Satavaptan (SR121463) is a vasopressin V2 receptor antagonist that has been shown to improve hyponatremia in patients with cirrhosis, congestive heart failure, and syndrome of inappropriate antidiuresis. While known to inhibit adenylyl cyclase-mediated accumulation of intracellular cyclic AMP and potentially recruit β-arrestin in kidney cell lines, very little is known regarding the signaling pathways that are affected by this drug. To this end, we carried out a global quantitative phosphoproteomic analysis of native rat inner medullary collecting duct cells pretreated with satavaptan or vehicle control followed by the V2 receptor agonist desmopressin (dDAVP) for 0.5, 2, 5, or 15 min. A total of 2,449 unique phosphopeptides from 1,160 proteins were identified. Phosphopeptides significantly changed by satavaptan included many of the same kinases [protein kinase A, phosphoinositide 3-kinase, mitogen-activated protein kinase kinase kinase 7 (TAK1), and calcium/calmodulin-dependent kinase kinase 2] and channels (aquaporin-2 and urea transporter UT-A1) regulated by vasopressin. Time course clustering and kinase motif analysis suggest that satavaptan blocks dDAVP-mediated activation of basophilic kinases, while also blocking dDAVP-mediated inhibition of proline-directed kinases. Satavaptan affects a variety of dDAVP-mediated processes including regulation of cell-cell junctions, actin cytoskeleton dynamics, and signaling through Rho GTPases. These results demonstrate that, overall, satavaptan acts as a selective V2 receptor antagonist and affects many of the same signaling pathways regulated by vasopressin. This study represents the first "systems-wide" analysis of a "vaptan"-class drug and provides a wealth of new data regarding the effects of satavaptan on vasopressin-mediated phosphorylation events.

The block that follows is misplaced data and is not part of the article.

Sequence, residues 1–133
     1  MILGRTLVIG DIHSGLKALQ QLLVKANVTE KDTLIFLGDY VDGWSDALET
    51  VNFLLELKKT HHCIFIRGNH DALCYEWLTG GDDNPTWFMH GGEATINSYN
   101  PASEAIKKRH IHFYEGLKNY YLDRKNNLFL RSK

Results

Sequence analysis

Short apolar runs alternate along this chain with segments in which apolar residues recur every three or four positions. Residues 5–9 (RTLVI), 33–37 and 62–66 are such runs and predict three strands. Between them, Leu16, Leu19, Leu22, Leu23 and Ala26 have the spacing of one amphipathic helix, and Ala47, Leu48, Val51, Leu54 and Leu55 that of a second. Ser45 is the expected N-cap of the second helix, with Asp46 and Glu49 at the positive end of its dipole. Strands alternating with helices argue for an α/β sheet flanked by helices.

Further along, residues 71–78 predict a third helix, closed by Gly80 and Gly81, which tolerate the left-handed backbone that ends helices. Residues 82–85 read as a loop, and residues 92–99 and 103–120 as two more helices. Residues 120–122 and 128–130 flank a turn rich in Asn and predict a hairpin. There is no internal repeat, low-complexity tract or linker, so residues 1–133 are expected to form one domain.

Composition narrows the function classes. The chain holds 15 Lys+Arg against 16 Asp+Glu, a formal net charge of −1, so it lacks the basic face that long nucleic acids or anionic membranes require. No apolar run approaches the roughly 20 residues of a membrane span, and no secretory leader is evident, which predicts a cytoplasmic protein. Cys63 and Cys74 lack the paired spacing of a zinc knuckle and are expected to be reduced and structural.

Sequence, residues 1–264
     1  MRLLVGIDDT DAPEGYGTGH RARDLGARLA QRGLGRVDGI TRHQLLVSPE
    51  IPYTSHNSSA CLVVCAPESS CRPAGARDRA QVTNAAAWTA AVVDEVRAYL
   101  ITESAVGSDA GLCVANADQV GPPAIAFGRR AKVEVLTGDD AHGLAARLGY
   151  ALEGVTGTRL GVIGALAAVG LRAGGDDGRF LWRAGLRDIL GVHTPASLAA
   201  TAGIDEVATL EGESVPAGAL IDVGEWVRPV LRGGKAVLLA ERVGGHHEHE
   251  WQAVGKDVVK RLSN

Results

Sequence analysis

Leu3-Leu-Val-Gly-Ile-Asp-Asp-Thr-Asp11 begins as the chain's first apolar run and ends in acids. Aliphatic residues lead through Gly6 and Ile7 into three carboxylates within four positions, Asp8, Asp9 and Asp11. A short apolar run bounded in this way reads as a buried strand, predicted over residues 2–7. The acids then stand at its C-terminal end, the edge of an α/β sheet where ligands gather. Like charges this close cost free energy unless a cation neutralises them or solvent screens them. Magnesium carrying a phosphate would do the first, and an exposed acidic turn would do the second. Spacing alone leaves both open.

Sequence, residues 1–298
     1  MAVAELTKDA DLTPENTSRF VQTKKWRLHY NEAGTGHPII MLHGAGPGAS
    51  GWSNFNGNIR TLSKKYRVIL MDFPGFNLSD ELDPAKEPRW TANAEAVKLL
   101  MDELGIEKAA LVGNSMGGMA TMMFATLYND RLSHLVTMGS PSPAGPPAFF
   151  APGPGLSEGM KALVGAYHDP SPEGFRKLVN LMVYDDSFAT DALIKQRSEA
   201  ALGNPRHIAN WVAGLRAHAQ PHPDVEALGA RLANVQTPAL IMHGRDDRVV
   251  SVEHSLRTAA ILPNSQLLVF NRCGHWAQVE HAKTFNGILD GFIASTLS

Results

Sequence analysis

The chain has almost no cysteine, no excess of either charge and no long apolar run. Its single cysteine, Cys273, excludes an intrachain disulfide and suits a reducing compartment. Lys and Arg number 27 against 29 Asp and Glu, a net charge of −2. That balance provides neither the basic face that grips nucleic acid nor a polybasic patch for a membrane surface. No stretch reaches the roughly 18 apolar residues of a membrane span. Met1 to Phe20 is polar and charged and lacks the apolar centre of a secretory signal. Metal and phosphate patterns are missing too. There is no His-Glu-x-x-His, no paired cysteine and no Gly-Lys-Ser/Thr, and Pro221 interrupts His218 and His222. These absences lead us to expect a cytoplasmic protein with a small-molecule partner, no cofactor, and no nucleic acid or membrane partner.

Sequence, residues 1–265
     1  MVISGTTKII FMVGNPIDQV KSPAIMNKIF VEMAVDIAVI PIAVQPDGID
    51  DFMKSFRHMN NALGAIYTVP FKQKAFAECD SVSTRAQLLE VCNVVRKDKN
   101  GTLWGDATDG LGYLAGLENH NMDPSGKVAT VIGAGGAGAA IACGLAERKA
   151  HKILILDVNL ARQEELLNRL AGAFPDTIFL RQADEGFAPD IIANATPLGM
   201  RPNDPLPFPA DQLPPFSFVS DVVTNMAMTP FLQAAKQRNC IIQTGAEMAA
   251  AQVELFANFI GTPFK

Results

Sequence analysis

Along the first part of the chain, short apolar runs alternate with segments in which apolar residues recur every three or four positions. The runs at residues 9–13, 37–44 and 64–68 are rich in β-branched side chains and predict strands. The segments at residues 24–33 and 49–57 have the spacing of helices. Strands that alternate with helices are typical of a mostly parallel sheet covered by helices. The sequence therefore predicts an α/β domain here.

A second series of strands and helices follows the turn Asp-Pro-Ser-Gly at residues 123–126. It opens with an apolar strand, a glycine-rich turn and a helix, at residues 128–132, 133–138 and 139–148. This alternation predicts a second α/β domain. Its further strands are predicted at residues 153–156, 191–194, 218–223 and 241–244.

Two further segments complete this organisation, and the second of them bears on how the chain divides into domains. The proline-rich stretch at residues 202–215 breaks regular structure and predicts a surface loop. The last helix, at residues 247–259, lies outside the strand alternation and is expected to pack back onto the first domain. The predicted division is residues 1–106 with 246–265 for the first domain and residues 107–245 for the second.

Keywords: iTRAQ; inner medullary collecting duct; mass spectrometry; phosphoproteomics; vasopressin.